Validation of ESD Current Waveform Using an RF Current Probe

Author: Dr. Min Zhang, EMC Consultant, Mach One Design


In the realm of EMC consulting, addressing Electrostatic Discharge (ESD) related issues is a common task. While the use of an ESD simulator greatly aids in troubleshooting, it’s imperative to ensure that the simulator discharges a current waveform in accordance with the standard. Deviations from the standard waveform can lead to challenges such as difficulty in issue identification (if the waveform is too weak) or proposing overly engineering solutions (if the waveform is too strong).

To mitigate such uncertainties, performing a quick and efficient sanity check of the ESD waveform becomes crucial. This article explores a method for conducting this check, initially proposed by D. Smith in [1]-[3]. The objective is to verify whether the ESD simulator produces a current waveform that aligns with expectations.

Test Setup:

The test setup employed for this validation consists of the following components:

  • Two Ground Planes: One vertical and one horizontal.
  • Ground Leads to Earth.
  • Tekbox RF Current Monitoring Probe TBCP2-750.
  • Oscilloscopes: Agilent Infiniium 54845A (1.5GHz bandwidth) & Rigol DS7054 (500 MHz).
  • 20dB Attenuators: Mini-circuits & Tekbox.
  • ESD Simulators: Schlöder SESD 200 & Keytek Minizap.
  • Coaxial Cable: Tekbox RG316, with ferrite cores (TDK ZCAT1325-0530A).

Testing Approach:

Unlike conventional ESD testing setups that strictly adhere to standard protocols, this method provides a rapid check. It allows us to quickly determine whether the ESD simulator’s current waveform aligns with expectations. Typically, heavily used ESD simulators may exhibit waveform distortion, characterized by inadequate rise peaks or irregularities in the low-frequency “hump.”

The basic setup involves two ground planes—one horizontal and one vertical. The horizontal ground plane is connected to earth via two 470 k Ω resistors, although earthing the horizontal plane directly has proven effective in practice.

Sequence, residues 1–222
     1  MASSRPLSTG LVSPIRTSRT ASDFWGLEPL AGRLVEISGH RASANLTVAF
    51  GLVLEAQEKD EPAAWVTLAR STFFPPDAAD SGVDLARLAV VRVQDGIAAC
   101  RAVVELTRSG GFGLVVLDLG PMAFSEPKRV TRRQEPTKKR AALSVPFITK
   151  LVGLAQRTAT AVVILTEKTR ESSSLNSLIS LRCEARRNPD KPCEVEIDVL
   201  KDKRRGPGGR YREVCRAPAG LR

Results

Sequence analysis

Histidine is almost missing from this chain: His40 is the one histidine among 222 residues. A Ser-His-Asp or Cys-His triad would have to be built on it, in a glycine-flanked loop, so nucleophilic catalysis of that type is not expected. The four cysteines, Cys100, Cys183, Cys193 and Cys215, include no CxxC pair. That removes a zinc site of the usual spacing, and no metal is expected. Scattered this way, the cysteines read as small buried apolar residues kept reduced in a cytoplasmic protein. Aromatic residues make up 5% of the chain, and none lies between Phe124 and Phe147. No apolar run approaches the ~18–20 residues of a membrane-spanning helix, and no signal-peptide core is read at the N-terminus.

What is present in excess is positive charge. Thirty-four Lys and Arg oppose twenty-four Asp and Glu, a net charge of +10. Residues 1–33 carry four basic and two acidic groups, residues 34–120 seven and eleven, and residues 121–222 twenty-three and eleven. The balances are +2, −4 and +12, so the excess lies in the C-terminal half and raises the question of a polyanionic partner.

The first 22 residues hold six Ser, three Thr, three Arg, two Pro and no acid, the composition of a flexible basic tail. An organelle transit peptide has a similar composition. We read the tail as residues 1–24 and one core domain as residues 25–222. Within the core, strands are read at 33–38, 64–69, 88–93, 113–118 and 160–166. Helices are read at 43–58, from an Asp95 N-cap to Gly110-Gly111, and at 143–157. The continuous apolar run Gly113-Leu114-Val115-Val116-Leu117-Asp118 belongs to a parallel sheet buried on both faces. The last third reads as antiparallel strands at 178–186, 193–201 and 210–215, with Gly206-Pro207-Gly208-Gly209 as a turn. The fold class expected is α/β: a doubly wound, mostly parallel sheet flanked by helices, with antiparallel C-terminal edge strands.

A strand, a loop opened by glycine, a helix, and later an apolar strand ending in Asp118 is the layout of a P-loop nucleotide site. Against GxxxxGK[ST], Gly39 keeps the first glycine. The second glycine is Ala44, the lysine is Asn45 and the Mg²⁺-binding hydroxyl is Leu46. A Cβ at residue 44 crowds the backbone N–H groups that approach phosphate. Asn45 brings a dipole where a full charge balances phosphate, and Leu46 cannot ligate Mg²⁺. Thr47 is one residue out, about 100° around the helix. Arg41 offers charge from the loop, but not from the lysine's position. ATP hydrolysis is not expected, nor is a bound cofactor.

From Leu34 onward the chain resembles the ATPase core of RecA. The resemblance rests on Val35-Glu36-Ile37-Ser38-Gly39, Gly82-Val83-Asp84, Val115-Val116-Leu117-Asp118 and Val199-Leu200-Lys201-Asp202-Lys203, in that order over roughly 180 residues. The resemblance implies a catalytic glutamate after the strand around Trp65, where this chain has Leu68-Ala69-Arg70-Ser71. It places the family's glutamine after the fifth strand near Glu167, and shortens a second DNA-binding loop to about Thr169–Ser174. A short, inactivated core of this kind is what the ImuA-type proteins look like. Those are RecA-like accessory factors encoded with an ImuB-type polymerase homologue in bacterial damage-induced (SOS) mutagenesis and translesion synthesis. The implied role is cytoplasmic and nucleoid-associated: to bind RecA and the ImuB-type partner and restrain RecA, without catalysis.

Test Procedure:

  • Position the current probe close to the edge of the test ground plane, with only half of the probe on the plane and the other half in free space. This minimizes common-mode ESD current travelling along the coaxial shield to the scope.
  • Employ ferrite cores on the coaxial cable at the scope to suppress common-mode ESD currents.
  • Use a short, well-shielded coaxial cable (in this case, RG-316) for accurate results. The better the shielding effectiveness of the coaxial cable, the better.
  • The ESD simulator’s grounding lead is connected to the horizontal ground plane on the wood table instead of earthing to the floor Reference Ground Plane.
Figure 1. Test Set-up, the ESD simulator side
the oscilloscope side

20dB Attenuation:

Smith has been utilizing the Fischer FCC F-65 probe, whereas I have opted for the Tekbox TBCP2-750 probe. It was important for me to ascertain whether the use of the TBCP2-750 would yield comparable results. The Tekbox TBCP2-750 can operate within a 1 GHz frequency range and boasts a transfer impedance of 20 dBΩ. In fact, the 3 dB bandwidth is typically 850 MHz, as the transfer impedance curve is shown in Figure 2. While a transfer impedance of 20 dBΩ renders the probe more sensitive, allowing for higher voltage readings for the same current magnitude, it introduces a challenge when connecting to an oscilloscope with a 50Ω input impedance. This is due to the fact that most oscilloscopes with a 50 Ω input impedance impose an upper limit on the maximum input voltage, typically around 5V RMS. Consequently, when dealing with a 3 A peak current, the voltage measured by a TBCP2-750 probe can surge to approximately 30 V (given that 20dBΩ is equivalent to 10Ω (=1V/A in the flat region in the transfer impedance curve)). This voltage level substantially exceeds the oscilloscope’s upper limit.